In January, Ford began an ambitious expansion of its Research & Innovation Center in the heart of Silicon Valley, hoping to assemble a team of about 125 engineers this year.
The goals for the Palo Alto lab, which opened as a small outpost in 2012? To better understand how we drive, how we interact with the existing electronics inside the vehicles and the ones we bring onboard, and how we communicate. Self-driving vehicles are also part of the picture.
“Palo Alto is important to us because it’s our way of connecting into a very vibrant network of innovation that occurs in the culture of Silicon Valley,” says Jim Buczkowski, Director of Electrical and Electronics Systems at Ford’s Research and Advanced Engineering division. That includes relationships with both tech companies and academic institutions. “Being there is a necessary component of being able to pick up what’s going on,” he says.
In expanding its presence in Silicon Valley, Buczkowski says Ford hopes to accelerate work on its Smart Mobility initiative, which encompasses technologies like connectivity, mobility, autonomous vehicles, and data mining. Announced at the Consumer Electronics Show earlier this year, the initiative aims to launch 25 experiments that will test new ideas in transportation — and shape Ford’s future investments. The experiments all focus on what Ford sees as four global megatrends in urban areas:
- Explosive population growth
- An expanding middle class
- Air quality and public health concerns
- Changing customer attitudes and priorities.
In Palo Alto, Ford has already been partnering with nearby organizations like Nest Labs. Owned by Google, and located less than two blocks away from Ford’s facility, Nest is a pioneer in home automation. Its smart thermostats use artificial intelligence software to learn about the lifestyles of its users, then adjusts their home temperature settings throughout the day to optimize energy usage and comfort.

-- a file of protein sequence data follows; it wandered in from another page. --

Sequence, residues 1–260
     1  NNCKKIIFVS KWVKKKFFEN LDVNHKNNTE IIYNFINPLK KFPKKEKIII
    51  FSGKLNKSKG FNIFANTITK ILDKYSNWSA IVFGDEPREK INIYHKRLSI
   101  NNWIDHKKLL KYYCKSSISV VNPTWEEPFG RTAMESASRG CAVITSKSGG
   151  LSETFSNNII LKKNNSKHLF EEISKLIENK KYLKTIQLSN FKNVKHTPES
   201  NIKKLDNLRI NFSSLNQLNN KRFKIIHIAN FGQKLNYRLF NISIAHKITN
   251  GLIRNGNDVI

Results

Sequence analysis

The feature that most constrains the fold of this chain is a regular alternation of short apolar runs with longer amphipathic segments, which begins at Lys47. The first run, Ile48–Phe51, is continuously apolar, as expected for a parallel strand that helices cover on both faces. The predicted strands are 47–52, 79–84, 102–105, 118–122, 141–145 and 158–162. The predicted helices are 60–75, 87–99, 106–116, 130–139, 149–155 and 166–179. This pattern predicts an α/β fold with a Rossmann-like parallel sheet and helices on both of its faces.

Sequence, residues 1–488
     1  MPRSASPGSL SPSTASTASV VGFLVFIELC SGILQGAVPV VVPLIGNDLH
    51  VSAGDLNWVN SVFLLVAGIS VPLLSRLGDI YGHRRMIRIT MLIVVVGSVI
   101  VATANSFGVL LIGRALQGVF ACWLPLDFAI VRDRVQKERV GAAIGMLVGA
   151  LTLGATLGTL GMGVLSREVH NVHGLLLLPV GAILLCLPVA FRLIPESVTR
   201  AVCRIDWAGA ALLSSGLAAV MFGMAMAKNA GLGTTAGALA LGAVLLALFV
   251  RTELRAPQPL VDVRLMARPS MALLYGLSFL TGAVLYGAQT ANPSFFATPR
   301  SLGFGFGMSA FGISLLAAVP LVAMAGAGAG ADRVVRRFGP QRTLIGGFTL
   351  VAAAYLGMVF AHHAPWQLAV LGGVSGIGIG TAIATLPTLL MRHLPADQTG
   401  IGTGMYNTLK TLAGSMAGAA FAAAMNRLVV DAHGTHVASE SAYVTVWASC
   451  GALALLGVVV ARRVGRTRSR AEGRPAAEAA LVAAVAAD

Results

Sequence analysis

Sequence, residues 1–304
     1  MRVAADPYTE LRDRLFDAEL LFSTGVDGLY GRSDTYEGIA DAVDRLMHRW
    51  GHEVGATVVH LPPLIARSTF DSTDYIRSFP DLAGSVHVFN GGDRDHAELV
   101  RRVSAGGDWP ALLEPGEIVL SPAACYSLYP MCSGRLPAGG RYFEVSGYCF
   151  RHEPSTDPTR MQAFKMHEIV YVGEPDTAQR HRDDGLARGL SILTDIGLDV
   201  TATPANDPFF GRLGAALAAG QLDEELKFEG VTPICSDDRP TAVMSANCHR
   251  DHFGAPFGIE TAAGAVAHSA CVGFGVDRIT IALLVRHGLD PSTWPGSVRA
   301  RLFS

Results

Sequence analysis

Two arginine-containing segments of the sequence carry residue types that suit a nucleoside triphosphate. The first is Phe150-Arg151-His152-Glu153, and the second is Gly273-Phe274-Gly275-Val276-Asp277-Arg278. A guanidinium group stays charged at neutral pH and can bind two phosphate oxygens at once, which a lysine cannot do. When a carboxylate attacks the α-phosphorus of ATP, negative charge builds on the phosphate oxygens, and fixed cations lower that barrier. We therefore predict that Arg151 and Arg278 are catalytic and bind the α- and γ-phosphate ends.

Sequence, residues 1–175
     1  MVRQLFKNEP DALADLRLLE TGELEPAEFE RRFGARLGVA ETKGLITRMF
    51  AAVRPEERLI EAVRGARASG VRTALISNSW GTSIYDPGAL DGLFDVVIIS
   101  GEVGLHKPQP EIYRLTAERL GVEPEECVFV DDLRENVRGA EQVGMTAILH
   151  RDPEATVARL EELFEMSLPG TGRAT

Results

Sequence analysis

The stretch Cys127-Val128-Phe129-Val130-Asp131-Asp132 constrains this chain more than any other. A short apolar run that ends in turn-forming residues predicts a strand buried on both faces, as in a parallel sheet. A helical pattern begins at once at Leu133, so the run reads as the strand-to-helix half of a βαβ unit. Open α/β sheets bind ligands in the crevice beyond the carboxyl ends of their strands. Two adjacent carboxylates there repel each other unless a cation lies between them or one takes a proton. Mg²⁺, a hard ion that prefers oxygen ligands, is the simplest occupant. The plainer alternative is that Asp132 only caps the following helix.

Ford and Nest want customers’ cars to talk to their home’s thermostat to let it know when they’re heading home from work, or leaving home for a ball game, so it automatically adjusts the temperature settings. The concept is part of the “Internet of Things” or “connected devices” phenomenon. “If you’re leaving in your car, the car will be able to report to Nest that you’re leaving your house so it has a better signal, or an additional signal, to go into that ‘away mode’ a little faster, which can save you some energy,” Buczkowski says.
Another project created a “green energy” app that would track when renewable energy is most available on the electrical grid, and encourage users to schedule vehicle charging during these periods.
And there are collaborations with universities, like recent work with Carnegie Mellon’s Silicon Valley campus on next-generation speech interfaces.
Traffic and parking represent another rich vein for researchers at the Palo Alto lab. As cities collect more data on road conditions and traffic tie-ups, Buczkowski says Ford’s engineers are learning how to use this information to reduce some of the perennial headaches of driving. “Part of our mobility projects are collecting [information] and trying to learn about parking. A lot of congestion is created just by people looking for parking spaces,” he says.
Using existing sensors on cars, along with data collection techniques like crowd-sourcing, Ford’s engineers in experiments have been able to deliver information about open parking spaces in real-time to cars out on city streets, he says.
Connecting to Headquarters
The R&D facility in Palo Alto joins other Ford research labs in Dearborn, Michigan, and Aachen, Germany, that have been working to develop new safety technologies featured in some of today’s Ford automobiles. For example, voice control interfaces and drowsy driving detectors grew out of driving simulator research at those facilities, Buczkowski says. The leaders of the Palo Alto lab report in to Ford’s Research and Advanced Engineering leadership team, which is headed by Ken Washington, vice president of Ford Research and Advanced Engineering.
Key to the success of the Silicon Valley lab, Ford says, will be strong connections to the mothership — Ford headquarters in Dearborn, Michigan. That happens through regular conference calls, videoconferences, and old-school face-to-face visits. Ford CEO Mark Fields and CTO Raj Nair visit the facility at least once a quarter, and members of the Michigan-based Research and Advanced Engineering leadership team visit at least monthly.